Merrillville prepares to celebrate its 50th Birthday this year in December. The town has certainly grown in the past 5 decades now with over 35,000 residents and 12,000 individual households. We will also celebrate, and rightfully so, our beautiful diversity throughout the town that has changed in the past 50-years. We have seen many changes in our town. Everyone should remember some of our landmarks like the Radisson Hotel, the Star Plaza Theater where top-notch entertainers performed for many decades. The Twin Towers office complex with its orange tinted windows was the landmark telling motorist on I-65 that they have reached the Merrillville exit!
Today, the landscape has changed. The once prosperous corner is currently flat land, after the razing of the Radisson Hotel, the Star Plaza, and the Twin Towers and the land is now ready for new development. Changes are usually good as needs change in an area, business models change, and consumers demand new ideas. It is interesting to note that this location on the northwest corner of I-65 and U.S. Route 30 was chosen as the best location for a new convention center from a study ordered in 2016 by the Lake County Council. The feasibility study was done to determine the best location for a new convention center in Lake County. The second-best location, as the study showed, is also located in Merrillville at the Century Plaza shopping area on U.S. Route 30 and Broadway.
The Merrillville Food and Beverage Tax would be focused on stimulating needed economic growth and development in and around the U.S. Route 30 and I-65 corridor, which is one of the most sought-after commercial destinations within the United States, but currently possesses existing development opportunities. The 1% tax being proposed would concentrate on two main project areas: (1) a convention center, and (2) other development projects which would stimulate development and tourism. The Town Council agrees that these two areas would provide civic benefits such as needed meeting space and a greater variety of events, as well as significantly stimulate the local economy through additional visitors to the area and increased employment opportunities.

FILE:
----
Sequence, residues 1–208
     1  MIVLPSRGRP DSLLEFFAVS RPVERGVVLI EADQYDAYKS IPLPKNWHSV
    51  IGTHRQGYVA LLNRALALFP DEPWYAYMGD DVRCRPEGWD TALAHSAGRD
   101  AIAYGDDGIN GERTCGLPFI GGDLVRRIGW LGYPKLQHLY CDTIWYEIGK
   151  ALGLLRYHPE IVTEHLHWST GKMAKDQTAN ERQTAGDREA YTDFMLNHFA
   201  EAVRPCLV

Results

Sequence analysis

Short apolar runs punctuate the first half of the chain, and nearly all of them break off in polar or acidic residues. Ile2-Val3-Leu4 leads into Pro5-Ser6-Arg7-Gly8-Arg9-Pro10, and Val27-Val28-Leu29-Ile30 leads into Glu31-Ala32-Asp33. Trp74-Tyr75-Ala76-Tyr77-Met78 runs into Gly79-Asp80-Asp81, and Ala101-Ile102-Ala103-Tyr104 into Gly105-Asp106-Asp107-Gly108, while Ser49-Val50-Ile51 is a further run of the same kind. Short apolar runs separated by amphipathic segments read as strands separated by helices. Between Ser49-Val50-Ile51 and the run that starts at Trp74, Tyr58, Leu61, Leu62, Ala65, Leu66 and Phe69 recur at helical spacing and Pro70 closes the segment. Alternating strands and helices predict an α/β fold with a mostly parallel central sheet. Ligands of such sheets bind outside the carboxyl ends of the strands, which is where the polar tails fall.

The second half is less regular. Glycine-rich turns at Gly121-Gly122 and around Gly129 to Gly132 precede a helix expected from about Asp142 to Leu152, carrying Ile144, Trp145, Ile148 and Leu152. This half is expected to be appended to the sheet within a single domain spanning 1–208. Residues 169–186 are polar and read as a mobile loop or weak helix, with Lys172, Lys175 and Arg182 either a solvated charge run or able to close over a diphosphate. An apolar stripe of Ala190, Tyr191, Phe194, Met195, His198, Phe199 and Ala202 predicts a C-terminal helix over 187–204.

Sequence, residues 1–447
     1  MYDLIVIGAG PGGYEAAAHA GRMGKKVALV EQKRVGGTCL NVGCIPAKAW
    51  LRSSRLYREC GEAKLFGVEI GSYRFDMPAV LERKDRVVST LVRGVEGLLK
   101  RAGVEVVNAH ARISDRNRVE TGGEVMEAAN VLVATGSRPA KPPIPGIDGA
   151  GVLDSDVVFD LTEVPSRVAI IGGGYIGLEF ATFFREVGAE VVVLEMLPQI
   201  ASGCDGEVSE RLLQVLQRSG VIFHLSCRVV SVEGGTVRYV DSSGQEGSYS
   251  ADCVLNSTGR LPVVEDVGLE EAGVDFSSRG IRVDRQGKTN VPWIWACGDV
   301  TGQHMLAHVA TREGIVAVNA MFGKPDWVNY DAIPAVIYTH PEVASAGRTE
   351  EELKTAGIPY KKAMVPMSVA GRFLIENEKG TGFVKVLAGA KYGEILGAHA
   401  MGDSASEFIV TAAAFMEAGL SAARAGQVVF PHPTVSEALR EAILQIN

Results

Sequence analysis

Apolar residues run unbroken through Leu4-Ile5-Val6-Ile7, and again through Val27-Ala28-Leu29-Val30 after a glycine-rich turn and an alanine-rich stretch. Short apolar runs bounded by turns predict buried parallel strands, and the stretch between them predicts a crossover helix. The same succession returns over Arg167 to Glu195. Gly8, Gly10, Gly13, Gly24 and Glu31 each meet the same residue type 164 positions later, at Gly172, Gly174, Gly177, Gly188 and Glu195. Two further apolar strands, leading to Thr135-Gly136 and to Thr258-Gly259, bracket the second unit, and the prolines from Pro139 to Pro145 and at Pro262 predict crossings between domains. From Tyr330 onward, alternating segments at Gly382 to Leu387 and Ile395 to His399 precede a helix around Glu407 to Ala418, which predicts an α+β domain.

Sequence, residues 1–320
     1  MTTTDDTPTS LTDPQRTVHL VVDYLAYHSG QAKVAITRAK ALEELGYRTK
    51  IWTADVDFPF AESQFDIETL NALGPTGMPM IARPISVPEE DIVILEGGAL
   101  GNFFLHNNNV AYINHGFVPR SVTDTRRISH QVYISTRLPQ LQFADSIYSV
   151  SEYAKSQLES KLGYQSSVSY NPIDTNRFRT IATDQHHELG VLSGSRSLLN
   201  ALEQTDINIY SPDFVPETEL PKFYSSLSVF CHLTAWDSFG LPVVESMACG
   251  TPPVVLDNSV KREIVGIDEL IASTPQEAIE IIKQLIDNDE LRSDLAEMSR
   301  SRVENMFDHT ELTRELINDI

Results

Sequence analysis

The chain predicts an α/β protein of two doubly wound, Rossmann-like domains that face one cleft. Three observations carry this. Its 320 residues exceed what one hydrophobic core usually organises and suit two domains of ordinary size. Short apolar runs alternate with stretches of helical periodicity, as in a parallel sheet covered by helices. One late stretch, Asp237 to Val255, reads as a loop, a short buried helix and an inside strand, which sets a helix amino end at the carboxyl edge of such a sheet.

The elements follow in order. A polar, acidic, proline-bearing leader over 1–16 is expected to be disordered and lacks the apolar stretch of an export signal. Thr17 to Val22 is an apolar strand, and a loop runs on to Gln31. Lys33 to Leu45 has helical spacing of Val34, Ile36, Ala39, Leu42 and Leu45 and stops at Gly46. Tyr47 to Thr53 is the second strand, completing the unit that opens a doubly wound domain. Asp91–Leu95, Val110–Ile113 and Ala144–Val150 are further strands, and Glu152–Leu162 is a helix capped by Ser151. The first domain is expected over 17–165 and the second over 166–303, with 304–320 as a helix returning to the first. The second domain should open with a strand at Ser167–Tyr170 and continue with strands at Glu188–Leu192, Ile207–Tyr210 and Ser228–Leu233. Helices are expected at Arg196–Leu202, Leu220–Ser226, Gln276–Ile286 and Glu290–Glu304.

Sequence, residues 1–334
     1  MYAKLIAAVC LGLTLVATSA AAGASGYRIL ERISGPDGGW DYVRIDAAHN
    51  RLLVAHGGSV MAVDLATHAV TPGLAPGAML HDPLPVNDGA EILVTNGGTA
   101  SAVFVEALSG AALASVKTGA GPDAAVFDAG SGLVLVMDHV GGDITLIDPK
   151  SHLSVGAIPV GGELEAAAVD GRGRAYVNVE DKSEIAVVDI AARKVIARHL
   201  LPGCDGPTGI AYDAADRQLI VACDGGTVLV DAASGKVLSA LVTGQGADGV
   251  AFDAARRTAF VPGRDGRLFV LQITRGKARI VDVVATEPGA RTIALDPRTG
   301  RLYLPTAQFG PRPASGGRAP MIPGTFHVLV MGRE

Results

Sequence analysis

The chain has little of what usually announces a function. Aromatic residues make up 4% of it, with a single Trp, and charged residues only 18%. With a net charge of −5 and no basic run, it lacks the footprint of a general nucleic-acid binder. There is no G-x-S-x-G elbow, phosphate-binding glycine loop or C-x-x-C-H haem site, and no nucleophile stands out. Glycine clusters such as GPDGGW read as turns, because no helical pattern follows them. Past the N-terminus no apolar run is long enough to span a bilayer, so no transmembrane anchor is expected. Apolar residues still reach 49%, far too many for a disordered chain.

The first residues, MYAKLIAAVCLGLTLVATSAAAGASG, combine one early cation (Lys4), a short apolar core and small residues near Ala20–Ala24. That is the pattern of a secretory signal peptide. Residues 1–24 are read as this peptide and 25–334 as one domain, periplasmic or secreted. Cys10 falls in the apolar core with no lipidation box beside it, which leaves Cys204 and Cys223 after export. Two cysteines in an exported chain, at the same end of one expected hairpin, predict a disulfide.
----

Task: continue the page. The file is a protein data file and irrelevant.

This is not a strange or new approach to tourism development and if passed, Merrillville will join 14 other Indiana municipalities that use this same food and beverage funding source to increase their tourism and convention development. To be clear, this is not a huge burden on guests who use local restaurants and bars in Merrillville and the tax is paid by the user and amounts to 1% of the total food or beverage tab. For example, on a $10.00 food and beverage bill, the tax would be 10-cents. Naturally all businesses would benefit by increased traffic that tourism generates, and it would create a thriving community that has the potential to generate higher property values for all property owners; a win-win for all residents and property owners in town. -Rick Bella